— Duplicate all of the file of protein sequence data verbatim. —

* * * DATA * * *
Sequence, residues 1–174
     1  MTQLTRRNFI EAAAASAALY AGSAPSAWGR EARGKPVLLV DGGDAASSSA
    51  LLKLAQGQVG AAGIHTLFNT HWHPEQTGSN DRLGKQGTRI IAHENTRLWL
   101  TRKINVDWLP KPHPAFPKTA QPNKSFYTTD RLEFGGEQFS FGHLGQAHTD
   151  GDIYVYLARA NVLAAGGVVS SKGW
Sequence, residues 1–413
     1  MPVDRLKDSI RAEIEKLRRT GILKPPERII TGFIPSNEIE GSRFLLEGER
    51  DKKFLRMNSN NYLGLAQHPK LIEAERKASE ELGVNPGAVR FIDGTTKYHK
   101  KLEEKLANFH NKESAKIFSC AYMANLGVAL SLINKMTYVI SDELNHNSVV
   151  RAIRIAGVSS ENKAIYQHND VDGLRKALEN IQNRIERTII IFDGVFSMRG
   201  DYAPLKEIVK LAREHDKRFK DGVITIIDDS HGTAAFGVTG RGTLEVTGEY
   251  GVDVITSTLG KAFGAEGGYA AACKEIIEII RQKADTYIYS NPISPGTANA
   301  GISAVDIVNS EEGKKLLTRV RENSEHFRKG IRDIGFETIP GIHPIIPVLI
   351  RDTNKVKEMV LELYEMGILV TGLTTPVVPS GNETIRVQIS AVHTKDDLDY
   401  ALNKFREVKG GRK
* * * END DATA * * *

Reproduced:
Sequence, residues 1–174
     1  MTQLTRRNFI EAAAASAALY AGSAPSAWGR EARGKPVLLV DGGDAASSSA
    51  LLKLAQGQVG AAGIHTLFNT HWHPEQTGSN DRLGKQGTRI IAHENTRLWL
   101  TRKINVDWLP KPHPAFPKTA QPNKSFYTTD RLEFGGEQFS FGHLGQAHTD
   151  GDIYVYLARA NVLAAGGVVS SKGW
Sequence, residues 1–413
     1  MPVDRLKDSI RAEIEKLRRT GILKPPERII TGFIPSNEIE GSRFLLEGER
    51  DKKFLRMNSN NYLGLAQHPK LIEAERKASE ELGVNPGAVR FIDGTTKYHK
   101  KLEEKLANFH NKESAKIFSC AYMANLGVAL SLINKMTYVI SDELNHNSVV
   151  RAIRIAGVSS ENKAIYQHND VDGLRKALEN IQNRIERTII IFDGVFSMRG
   201  DYAPLKEIVK LAREHDKRFK DGVITIIDDS HGTAAFGVTG RGTLEVTGEY
   251  GVDVITSTLG KAFGAEGGYA AACKEIIEII RQKADTYIYS NPISPGTANA
   301  GISAVDIVNS EEGKKLLTRV RENSEHFRKG IRDIGFETIP GIHPIIPVLI
   351  RDTNKVKEMV LELYEMGILV TGLTTPVVPS GNETIRVQIS AVHTKDDLDY
   401  ALNKFREVKG GRK